Trying to hide assets during a Massachusetts divorce is as old as divorce itself, and technology has started to bring concealing wealth into the modern era.
Bitcoins are now the latest innovative method for potentially stashing away money so that it cannot be found when it comes to dividing the marital estate. Due to the touted anonymity of Bitcoins, it seems practical and logical that someone could try to illegally withhold wealth by filtering money into this secretive digital currency.
This high-tech method of burying a sack of cash in the woods doesn’t come without the risk of serious consequences; however, and it is obviously not recommended to attempt to hide assets during a Massachusetts divorce due to the potential serious harm to your case when you are caught.
But you need to be aware this option exists, particularly if you believe your spouse may attempt to be dishonest in their disclosure of assets.
What are Bitcoins?
Bitcoin is a worldwide digital currency developed back in 2009, which has seen a rise to almost mainstream popularity over the past year or so. The Bitcoin exchange is completely decentralized, meaning there are no attachments to banks or governments.
There is also no physical currency. Bitcoins are stored in virtual wallets on your computer, smartphone or virtual cloud and all transactions take place over the Internet. There is no need to give names when dealing in Bitcoins; all that is required are the individual’s wallet IDs. It is also much easier to transfer Bitcoins out of the country, making them even harder to track down.
This anonymity, the lack of paper trail that would typically be found through conventional transactions and the current lack of regulation are why divorce attorneys have concerns that Bitcoins could be a new avenue for a divorcing spouse to hide money from the court.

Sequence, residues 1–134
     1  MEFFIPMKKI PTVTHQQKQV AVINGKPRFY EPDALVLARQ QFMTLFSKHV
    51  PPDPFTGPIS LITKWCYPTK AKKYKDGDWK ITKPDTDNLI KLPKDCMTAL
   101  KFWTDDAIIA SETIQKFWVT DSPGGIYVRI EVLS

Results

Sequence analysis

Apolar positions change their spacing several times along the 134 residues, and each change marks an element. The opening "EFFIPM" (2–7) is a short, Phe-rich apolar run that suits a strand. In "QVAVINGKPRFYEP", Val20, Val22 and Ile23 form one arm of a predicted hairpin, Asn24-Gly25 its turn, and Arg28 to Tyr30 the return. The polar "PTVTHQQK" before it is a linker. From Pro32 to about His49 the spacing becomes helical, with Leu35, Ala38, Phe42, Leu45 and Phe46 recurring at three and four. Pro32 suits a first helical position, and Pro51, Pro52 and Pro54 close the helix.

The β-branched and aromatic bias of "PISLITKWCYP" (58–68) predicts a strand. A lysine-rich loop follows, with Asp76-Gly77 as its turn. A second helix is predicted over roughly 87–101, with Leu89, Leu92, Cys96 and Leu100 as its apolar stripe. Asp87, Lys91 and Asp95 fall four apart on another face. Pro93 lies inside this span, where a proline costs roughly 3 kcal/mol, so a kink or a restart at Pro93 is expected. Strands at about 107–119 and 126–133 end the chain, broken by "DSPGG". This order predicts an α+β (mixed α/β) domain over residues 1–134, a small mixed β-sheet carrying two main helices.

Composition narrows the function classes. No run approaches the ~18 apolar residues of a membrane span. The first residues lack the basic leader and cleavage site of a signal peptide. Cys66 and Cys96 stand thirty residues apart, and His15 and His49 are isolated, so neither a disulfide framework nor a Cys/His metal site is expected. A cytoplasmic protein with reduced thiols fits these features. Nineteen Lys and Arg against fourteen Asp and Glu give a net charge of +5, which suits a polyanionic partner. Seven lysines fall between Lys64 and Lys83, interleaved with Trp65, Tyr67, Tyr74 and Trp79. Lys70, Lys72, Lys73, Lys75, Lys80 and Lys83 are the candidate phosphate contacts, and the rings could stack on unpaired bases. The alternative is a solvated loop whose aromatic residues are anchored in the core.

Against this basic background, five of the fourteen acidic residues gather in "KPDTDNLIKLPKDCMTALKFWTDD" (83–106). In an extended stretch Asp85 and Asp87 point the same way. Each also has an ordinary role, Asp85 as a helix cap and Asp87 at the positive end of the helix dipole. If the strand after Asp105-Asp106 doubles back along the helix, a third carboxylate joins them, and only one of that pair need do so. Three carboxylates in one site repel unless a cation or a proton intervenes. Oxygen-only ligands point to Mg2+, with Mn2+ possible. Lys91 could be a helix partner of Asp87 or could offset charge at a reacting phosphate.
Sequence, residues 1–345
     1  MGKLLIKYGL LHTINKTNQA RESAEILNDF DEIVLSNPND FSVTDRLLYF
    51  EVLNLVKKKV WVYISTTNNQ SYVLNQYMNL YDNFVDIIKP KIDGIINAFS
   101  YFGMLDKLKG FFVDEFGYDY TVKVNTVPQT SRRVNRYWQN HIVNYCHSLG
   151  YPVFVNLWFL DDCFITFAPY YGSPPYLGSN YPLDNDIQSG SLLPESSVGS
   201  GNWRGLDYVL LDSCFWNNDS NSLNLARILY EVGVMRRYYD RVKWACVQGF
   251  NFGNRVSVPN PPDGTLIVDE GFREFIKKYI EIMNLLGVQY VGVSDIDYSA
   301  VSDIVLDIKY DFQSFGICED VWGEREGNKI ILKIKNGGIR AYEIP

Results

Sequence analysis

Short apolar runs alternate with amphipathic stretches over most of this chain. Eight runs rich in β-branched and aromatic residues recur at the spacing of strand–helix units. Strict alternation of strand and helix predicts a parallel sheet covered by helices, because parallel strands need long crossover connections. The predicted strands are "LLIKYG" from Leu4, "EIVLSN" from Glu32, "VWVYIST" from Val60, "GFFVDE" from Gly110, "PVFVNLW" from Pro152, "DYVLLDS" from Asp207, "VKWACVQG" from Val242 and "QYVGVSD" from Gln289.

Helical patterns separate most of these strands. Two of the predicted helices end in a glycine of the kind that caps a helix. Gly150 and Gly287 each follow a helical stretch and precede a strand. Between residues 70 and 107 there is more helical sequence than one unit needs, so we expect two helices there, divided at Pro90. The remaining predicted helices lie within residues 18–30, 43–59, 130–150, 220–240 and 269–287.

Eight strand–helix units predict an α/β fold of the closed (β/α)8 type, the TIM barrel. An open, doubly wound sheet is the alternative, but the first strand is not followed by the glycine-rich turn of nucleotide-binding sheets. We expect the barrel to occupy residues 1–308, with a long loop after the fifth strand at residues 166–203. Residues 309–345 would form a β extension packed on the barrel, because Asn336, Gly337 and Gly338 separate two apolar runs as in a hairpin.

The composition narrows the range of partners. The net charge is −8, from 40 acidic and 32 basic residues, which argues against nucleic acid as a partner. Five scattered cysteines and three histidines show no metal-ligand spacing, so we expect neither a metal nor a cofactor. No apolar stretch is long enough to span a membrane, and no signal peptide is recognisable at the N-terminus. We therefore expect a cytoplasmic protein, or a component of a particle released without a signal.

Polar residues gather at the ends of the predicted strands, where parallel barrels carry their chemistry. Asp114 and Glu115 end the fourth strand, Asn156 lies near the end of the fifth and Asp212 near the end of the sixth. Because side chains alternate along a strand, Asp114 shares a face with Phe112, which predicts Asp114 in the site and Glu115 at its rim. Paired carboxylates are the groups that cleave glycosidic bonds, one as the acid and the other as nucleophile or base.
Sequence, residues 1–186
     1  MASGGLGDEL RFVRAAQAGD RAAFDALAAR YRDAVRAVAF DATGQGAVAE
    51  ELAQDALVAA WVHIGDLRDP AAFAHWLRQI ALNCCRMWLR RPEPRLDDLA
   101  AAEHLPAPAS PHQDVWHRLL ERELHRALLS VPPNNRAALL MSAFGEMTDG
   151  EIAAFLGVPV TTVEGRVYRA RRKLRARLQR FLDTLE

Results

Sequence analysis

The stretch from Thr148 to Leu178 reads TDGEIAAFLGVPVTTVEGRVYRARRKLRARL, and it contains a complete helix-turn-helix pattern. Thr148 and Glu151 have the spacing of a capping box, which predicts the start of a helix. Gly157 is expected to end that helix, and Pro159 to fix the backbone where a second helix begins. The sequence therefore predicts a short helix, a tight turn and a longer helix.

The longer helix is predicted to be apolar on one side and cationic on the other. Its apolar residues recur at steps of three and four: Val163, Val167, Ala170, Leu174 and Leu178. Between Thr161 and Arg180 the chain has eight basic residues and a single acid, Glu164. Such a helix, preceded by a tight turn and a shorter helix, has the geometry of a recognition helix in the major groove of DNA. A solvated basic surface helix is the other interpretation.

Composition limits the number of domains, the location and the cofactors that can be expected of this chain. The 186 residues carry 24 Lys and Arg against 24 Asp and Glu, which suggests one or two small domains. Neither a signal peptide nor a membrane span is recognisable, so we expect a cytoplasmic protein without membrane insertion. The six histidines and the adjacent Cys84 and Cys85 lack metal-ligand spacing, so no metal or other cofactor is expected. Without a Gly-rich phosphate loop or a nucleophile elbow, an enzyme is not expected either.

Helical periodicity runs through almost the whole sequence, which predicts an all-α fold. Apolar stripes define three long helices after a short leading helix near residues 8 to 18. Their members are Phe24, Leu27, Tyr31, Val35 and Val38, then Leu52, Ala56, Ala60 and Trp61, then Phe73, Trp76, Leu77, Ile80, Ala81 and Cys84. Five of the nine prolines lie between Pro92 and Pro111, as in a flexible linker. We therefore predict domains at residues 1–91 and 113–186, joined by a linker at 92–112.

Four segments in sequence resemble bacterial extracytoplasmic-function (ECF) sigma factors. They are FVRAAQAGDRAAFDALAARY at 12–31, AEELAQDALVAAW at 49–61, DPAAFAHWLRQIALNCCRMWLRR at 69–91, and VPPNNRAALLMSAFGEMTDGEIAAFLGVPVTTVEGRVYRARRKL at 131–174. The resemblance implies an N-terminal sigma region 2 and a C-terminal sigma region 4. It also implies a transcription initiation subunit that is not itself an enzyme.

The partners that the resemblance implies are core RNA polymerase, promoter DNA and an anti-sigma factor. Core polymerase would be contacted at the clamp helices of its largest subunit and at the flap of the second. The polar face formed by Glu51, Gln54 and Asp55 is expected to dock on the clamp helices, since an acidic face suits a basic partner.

Traditional methods for discovering hidden assets
At the beginning of the divorce process, both spouses are required to submit a financial affidavit that should encompass all of their assets, incomes and liabilities.
However, if you believe your spouse is not being 100 percent truthful in their declaration, your attorney will start the process of verifying whether there are financial aspects that have not been fully disclosed.
This process involves sending out interrogatories, subpoenas, depositions, combing through tax returns and bank statements, looking for hidden accounts or lines of credit, etc.
Bitcoins and Massachusetts divorce
The wording of what must be included in a financial affidavit will vary by state, but it typically includes full disclosure of stocks, bonds, vehicles, retirement accounts, bank accounts and “other assets” (which would encompass Bitcoins).
However, the anonymous nature of Bitcoin and the slow rate at which laws and regulations catch up with modern technology leaves plenty of room for loopholes. Knowing the possibility exists for money to be hidden in Bitcoins may help you keep a sharper eye out for clues that can lead to discovery.
Obviously, liquid money would need to be converted into Bitcoins at some point, which would leave behind an initial fingerprint. However, it becomes much blurrier after that, as the Bitcoins can be anonymously transferred out of your spouse’s control and the court’s jurisdiction.
It is always recommended for both parties to be open and honest with their financial disclosures because it makes for a far cheaper and less contentious divorce, and it speeds the process along. Additionally, if a spouse is caught not fully disclosing assets, they will likely receive a far less balanced portion of the marital pot.
Overall, it generally is not worth the risk to chance it; yet, people try to hide assets from the courts when going through divorce every day. It is up to you to be vigilant for the signs that your spouse isn’t being fully honest, and with the introduction of Bitcoins and other cryptocurrencies now in the mix, you must be even more attentive to what your spouse is doing with assets that may also belong to you.
Should you be in the midst of a divorce or contemplating divorce, contact the Law Offices of Renee Lazar at 978-844-4095 to schedule a FREE one hour no obligation consultation.